To bomb or not to bomb Iran

By Jonathan Power

The talk is talk. Or will it walk? Mitt Romney, the US Republican candidate for the presidency, says that on his watch Iran would not be allowed to build a nuclear weapon but that on his watch President Barack Obama will let it happen.

In the current issue of Foreign Affairs, a mouthpiece of the American foreign affairs establishment, Mathew Kroenig has penned an article “Time to Attack Iran”. The time for talk is over, he says.

He seems to forget that it was the US who encouraged the Shah 40 years ago to begin Iran’s nuclear programme. The first discussion I attended on whether Iran was wanting a bomb was at the Institute for Strategic Studies 30 years ago. Time passes but the argument barely changes. All one knows is that in all this time many opportunities for a sensible negotiation have been ignored.

Koenig writes that, “If Iran begins enriching its uranium to weapons grade levels of 90% or installs advanced centrifuges at its uranium-enrichment facility in Qom the US must strike immediately.”

While admitting that it would be “enormously difficult” to destroy Iran’s nuclear plants it could and should be done. New bunker-busting bombs would take care of underground facilities. They can penetrate through 200 feet of reinforced concrete. However, he admits that the one at Qom would be a challenging target since it is built into the side of a mountain.

He tries to knock down those critics who point out that Iran could retaliate, launching missiles at US military installations in the Gulf, closing the Strait of Hormuz, the relatively narrow (but not that narrow) water that tankers pass through at the opening to the Persian Gulf, firing missiles into Israel and activating proxies abroad in Iraq, Lebanon and in countries seized with the Arab Spring.

The US, he argues, could retaliate with devastating military action. Iran won’t be able to resume progress after its entire nuclear infrastructure is reduced to rubble.

He discounts much – that this would strengthen Iran’s hardliners as it did in Germany after the blanket bombing of Dresden.

Thankfully the pro bomb faction has just been undermined by Israeli’s Defence Minister, Ehud Barak, who said last week that any decision on an Israeli attack on Iran was “very far off”. Apparently Israel believes that Iran has “not yet decided” whether to make a nuclear bomb. Perhaps too one should not overlook statements made by the hierarchy of Iran that it goes against the Koran to build a weapon of mass destruction.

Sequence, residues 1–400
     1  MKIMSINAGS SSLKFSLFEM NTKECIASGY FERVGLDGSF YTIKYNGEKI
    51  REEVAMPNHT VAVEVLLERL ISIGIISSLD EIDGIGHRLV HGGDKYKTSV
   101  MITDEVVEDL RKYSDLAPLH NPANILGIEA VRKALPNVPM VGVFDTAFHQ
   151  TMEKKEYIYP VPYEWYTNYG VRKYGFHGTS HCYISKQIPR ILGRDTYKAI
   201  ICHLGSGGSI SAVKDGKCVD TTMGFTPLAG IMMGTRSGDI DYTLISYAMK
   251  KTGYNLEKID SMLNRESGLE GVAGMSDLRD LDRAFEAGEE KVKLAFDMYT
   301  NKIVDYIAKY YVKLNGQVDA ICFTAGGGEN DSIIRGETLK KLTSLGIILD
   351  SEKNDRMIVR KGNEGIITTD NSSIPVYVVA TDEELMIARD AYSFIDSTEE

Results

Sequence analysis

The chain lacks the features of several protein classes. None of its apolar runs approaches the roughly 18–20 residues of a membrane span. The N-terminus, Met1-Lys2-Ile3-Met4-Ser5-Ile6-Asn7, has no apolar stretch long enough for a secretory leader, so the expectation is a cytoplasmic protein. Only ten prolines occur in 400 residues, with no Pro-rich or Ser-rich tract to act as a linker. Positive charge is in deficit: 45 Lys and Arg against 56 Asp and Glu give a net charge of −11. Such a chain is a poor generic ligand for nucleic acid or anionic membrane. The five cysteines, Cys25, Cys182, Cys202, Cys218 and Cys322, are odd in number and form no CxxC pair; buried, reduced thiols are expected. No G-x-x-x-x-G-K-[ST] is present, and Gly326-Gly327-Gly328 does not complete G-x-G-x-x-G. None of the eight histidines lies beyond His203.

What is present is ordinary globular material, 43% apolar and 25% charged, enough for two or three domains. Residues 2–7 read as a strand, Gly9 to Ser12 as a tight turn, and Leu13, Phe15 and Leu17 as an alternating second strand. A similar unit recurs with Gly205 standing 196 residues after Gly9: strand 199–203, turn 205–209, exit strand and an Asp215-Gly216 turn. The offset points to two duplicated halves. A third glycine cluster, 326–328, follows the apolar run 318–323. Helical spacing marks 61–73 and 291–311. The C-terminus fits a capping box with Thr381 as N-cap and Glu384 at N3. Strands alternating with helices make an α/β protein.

Added to that Kroenig underestimates how Iran is building safer and safer hideaways. It can match any bomb by digging deeper. Does the US want to get drawn into another Middle Eastern war which would have serious spill-over effects in further radicalising Pakistan, Afghanistan and big chunks of the population throughout the Middle East?

There are alternatives to bombing. Sanctions are being ratcheted up by the day. The European Union is matching the US’s severe oil sanctions and South Korea and Japan are likely to follow suit. Diplomatic engagement is still in its infancy as far as the US is concerned. There have not been sustained and serious negotiations with Iran for 30 years. Iran has often said that it would be open to intrusive inspections by the UN if it were accepted that Iran had the right to enrich uranium for energy production.

Interestingly, Israelis appear to have got the message already.

According to a poll conducted by the American Brookings Institution and the Israeli Dahaf Institute only 43% of Israeli Jews support a military strike even though 90% of them think Iran will eventually acquire nuclear weapons. When asked whether it would be better for both Israel and Iran not to have such weapons 65% of the Jews said “yes”. A remarkable 64% support the idea of a nuclear-free zone.

Moreover, it is supported by such unexpected characters as the Mossad (intelligence) chief, Tair Pardo, a former Mossad chief, Ephraim Halevy, and a former chief of staff of the military, Dan Halutz. Could Iran refuse the proposition of a nuclear-free zone?

The Israeli government has always put the cart before the horse. It says a nuclear-free zone cannot be considered until there is peace between Israel and its neighbours. But the answer to that, argues Harvard professor, Nicolas Burns, is there will be no peace as long as Iran and Israel are at loggerheads. Since Israel is the one who possesses an arsenal of nuclear weapons it must be the first to take steps towards reconciliation. He quotes the former Israeli spy chief, Meir Dagan, who argued earlier this month that Israel’s current stance stance might accelerate Iran’s quest for nuclear weapons and encourage other Arab states to follow suit.

As Burns says, “strategic patience” is what we need.

Copyright Jonathan Power

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